Telltale liver cancer symptom can be spotted when you look into someone’s eyes

By Staff 6 Min Read

Liver cancer is relatively uncommon but can be very serious and should never be ignored – there are some tell-tale signs experts are warning everyone needs to be aware of

A telltale sign in your eyes could point toward liver cancer.

Primary live cancer is an uncommon type of cancer, but it is serious and should not be ignored, according to the NHS. This form of is different to secondary live cancer, which requires the malignant cells to start forming in the liver, while the latter develops elsewhere in the body – before spreading to the organ.

Symptoms of primary liver cancer are often vague and don’t appear until the cancer is at an advanced stage – but spotting it early is vital. As it’s Cancer Prevention Action Week (February 19 to 25), we take a look at one sign of the illness which you might spot when looking into someone’s eyes. The NHS Inform website states that one of the most common symptoms of liver cancer is that the whites of your eyes begin to turn yellow, as part of a condition known as jaundice. This can also make your skin appear yellow, although this may not be as noticeable on certain skin types.

Other symptoms of liver cancer include:

  • unexplained weight loss
  • loss of appetite
  • feeling very full after eating, even if the meal was small
  • feeling sick and vomiting
  • pain or swelling in your abdomen (tummy)
  • itchy skin
  • feeling very tired and weak

The NHS recommends visiting your GP as soon as notice any of these symptoms. Although the symptoms could be the result of a “more common condition”, it’s always a good idea to have it checked out, as catching cancer early could be life-saving. The NHS went on to state: “You should also contact your GP if you have previously been diagnosed with a condition known to affect the liver, such as cirrhosis or a hepatitis C infection, and your health suddenly deteriorates.”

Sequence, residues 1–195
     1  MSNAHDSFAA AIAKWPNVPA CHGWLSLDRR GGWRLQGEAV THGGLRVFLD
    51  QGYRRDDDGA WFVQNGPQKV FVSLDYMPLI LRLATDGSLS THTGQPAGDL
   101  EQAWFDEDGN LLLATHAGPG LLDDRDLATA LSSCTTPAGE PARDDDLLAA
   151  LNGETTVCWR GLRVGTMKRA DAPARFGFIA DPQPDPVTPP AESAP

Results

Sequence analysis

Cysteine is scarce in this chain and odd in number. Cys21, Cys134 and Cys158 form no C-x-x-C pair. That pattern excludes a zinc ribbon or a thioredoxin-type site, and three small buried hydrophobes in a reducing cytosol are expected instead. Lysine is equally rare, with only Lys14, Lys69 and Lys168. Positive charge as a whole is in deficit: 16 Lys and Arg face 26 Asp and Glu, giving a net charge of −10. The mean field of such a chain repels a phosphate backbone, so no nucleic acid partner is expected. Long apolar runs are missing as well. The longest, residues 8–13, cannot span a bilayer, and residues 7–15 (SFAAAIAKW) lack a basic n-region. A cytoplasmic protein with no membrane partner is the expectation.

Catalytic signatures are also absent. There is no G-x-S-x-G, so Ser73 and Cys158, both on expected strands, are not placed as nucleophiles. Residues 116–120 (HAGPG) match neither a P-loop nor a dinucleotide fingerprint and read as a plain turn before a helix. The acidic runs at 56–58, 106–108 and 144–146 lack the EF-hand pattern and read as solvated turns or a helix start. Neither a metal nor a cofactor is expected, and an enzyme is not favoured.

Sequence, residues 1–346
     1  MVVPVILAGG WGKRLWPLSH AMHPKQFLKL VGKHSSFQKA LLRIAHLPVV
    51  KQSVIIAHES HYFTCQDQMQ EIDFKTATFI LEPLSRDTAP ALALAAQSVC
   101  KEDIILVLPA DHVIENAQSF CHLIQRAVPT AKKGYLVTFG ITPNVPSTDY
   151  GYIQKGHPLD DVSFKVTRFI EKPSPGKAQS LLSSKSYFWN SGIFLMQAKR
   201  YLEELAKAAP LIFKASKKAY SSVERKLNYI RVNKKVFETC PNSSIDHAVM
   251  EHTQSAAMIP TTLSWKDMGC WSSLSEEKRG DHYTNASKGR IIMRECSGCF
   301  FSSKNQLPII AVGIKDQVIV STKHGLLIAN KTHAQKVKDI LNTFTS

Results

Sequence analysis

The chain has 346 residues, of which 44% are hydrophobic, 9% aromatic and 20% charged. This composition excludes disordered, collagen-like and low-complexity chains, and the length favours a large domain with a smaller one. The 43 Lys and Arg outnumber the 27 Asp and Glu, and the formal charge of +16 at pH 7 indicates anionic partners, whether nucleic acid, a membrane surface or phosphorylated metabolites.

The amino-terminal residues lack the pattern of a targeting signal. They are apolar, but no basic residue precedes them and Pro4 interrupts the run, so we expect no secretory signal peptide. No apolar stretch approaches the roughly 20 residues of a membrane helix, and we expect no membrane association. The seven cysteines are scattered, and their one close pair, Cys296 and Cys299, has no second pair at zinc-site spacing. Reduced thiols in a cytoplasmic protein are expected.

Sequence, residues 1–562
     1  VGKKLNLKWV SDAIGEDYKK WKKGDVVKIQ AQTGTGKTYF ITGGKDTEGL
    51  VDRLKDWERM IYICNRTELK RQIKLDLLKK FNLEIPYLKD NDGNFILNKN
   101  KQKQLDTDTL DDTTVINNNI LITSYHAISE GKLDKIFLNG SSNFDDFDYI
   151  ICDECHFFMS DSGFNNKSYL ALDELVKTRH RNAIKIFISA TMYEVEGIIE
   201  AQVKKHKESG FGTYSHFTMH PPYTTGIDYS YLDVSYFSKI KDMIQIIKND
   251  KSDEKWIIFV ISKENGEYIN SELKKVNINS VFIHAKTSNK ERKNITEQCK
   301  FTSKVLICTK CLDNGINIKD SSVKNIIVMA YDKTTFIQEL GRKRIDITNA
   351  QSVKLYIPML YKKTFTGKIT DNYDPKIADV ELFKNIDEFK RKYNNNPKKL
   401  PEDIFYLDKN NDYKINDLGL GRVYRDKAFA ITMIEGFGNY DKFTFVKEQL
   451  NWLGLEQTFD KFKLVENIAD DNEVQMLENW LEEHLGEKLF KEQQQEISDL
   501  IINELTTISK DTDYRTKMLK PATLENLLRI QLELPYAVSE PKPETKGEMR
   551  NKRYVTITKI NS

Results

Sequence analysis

The exact causes of liver cancer are unknown, but most cases are associated with damage and scarring of the liver known as cirrhosis. This can be caused by several different things, including drinking excessive amounts of alcohol over many years and having a long-term hepatitis B or C infection.

It is also believed obesity and an unhealthy diet can increase the risk of liver cancer because this can lead to non-alcoholic fatty liver disease. The NHS states you may be able to reduce your chances of liver cancer by cutting down on alcohol and following a healthy, balanced diet with regular exercise. Liver cancer treatment depends on the stage the condition is at, and if it is caught early, it may be possible to remove the cancer completely. Treatment often includes surgical resection to remove a section of liver or a liver transplant.

The NHS Inform website states: “However, only a small proportion of liver cancers are diagnosed at a stage where these treatments are suitable. Most people are diagnosed when the cancer has spread too far to be removed or completely destroyed. In these cases, treatments such as chemotherapy will be used to slow down the spread of the cancer and relieve symptoms such as pain and discomfort.”

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